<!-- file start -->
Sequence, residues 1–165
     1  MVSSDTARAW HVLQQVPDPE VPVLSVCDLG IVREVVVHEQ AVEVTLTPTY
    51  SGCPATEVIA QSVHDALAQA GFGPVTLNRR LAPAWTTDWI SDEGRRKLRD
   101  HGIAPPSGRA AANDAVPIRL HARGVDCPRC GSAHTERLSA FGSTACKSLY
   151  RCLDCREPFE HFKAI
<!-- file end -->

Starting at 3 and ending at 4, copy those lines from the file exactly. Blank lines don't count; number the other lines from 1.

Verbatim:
    51  SGCPATEVIA QSVHDALAQA GFGPVTLNRR LAPAWTTDWI SDEGRRKLRD
   101  HGIAPPSGRA AANDAVPIRL HARGVDCPRC GSAHTERLSA FGSTACKSLY